Friday, July 21, 2017

Bruce Springsteen - We Shall Overcome - the Seeger Sessions

On the surface, Springsteen seems like the perfect person to interpret songs made famous by Pete Seeger, and I do like this record overall, although sometimes it almost seems like he's trying to hard or something. He has a strong group of musicians accompanying him here and maybe almost too good at times - there's not really any of the ragged edge that Seeger, and the originals, had.

That said, it is still a fun project overall, especially songs like the New Orleans flavored take on "Jesse James" and "O Mary Don't You Weep", the fiddle-driven "John Henry", the Tom Waits-ian version of "Erie Canal", a traditional folk of "My Oklahoma Home" (although he tries a bit to hard to make his Jersey accent sound Southern), the melancholy ballad "Eye on the Prize", the uptempo "Pay Me My Money Down" and even the potentially super-silly "Froggie Went A-Courtin'" worked out in its simplistic arrangement.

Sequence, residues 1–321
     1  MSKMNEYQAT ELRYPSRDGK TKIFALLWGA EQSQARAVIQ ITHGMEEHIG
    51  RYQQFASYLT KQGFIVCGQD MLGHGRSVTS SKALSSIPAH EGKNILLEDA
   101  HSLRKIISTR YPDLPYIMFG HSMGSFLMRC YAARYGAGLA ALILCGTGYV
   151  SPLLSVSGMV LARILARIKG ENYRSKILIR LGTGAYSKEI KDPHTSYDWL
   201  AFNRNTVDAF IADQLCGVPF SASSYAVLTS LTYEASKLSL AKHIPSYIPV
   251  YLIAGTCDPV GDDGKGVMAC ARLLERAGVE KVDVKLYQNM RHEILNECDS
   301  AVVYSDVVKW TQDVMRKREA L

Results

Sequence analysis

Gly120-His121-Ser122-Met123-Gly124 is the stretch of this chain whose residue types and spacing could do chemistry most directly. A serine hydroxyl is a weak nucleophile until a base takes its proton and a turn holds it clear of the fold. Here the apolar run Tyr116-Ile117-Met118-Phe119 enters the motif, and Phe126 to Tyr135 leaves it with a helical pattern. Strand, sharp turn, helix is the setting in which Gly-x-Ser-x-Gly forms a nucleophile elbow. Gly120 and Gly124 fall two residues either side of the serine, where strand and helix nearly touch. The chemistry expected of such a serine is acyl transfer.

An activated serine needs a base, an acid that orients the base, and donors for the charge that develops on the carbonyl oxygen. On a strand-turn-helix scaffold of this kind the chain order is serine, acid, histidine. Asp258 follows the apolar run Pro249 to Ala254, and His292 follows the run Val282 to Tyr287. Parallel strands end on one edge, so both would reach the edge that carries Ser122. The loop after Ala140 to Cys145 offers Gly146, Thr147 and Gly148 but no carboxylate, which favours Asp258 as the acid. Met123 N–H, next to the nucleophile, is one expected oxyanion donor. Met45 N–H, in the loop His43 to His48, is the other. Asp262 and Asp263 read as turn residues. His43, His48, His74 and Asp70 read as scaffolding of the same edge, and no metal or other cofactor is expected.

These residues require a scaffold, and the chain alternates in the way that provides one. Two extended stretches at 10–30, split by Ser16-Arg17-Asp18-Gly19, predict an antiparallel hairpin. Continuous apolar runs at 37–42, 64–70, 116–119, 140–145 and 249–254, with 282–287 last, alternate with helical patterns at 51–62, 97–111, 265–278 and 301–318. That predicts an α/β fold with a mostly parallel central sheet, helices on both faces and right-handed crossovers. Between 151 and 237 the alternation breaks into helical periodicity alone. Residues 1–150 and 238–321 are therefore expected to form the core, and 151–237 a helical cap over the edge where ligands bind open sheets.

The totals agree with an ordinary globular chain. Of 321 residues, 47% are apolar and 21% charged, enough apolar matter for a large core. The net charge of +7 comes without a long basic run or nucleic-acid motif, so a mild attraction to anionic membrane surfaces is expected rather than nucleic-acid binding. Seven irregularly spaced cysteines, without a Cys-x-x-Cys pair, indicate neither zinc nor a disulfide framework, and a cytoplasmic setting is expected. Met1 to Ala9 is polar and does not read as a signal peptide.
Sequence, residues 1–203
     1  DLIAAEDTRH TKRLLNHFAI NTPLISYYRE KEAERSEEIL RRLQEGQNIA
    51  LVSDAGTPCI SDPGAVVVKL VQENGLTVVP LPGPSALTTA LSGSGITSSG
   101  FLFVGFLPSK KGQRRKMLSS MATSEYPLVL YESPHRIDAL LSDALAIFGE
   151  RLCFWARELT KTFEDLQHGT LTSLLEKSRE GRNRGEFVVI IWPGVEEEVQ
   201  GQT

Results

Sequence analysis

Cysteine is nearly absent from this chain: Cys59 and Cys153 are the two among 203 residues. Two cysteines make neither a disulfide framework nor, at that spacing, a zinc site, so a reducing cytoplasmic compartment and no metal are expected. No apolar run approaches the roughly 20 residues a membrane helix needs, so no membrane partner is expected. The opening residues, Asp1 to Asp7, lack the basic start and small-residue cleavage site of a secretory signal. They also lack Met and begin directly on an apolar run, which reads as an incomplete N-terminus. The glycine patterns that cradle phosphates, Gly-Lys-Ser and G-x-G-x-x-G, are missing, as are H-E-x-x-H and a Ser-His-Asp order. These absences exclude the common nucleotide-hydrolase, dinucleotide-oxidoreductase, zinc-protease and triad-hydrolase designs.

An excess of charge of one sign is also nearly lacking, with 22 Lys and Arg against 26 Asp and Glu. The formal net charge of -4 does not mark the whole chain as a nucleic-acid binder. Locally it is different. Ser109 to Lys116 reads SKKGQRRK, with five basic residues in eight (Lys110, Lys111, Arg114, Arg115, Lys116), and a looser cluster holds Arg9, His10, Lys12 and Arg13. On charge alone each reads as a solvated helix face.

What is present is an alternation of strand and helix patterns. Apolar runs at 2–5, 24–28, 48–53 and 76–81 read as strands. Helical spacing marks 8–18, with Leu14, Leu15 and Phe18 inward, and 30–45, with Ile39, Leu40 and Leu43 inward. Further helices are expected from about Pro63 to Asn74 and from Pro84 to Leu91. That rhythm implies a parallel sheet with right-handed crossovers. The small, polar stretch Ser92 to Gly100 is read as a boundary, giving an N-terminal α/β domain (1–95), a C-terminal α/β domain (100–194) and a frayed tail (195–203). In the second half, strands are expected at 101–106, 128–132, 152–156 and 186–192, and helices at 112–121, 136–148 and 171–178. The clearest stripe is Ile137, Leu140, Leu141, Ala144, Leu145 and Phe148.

When he gets a little too serious, as in "Mrs. McGrath", it gets a little bogged down, despite the attempt at a bit of an Irish jig here'n'there. Same with the gospel number "Jacob's Ladder", the ponderous "Shenandoah" and even the number that started the concept, "We Shall Overcome". Things do get a little same-y after a while too, as he encourages everyone to join in and everybody to take solos - sounds like this would be fun live, but on record is gets repetitive.

Obviously, Americana music has made a big resurgence over the last decade or so, with lots of big stars reinterpreting classic numbers, with varied success. I dug Neil Young's Americana a bit more than this one due to its rawness and Young's choices, but this is still worthwhile, if just for the Zydeco-driven sounds behind Bruce.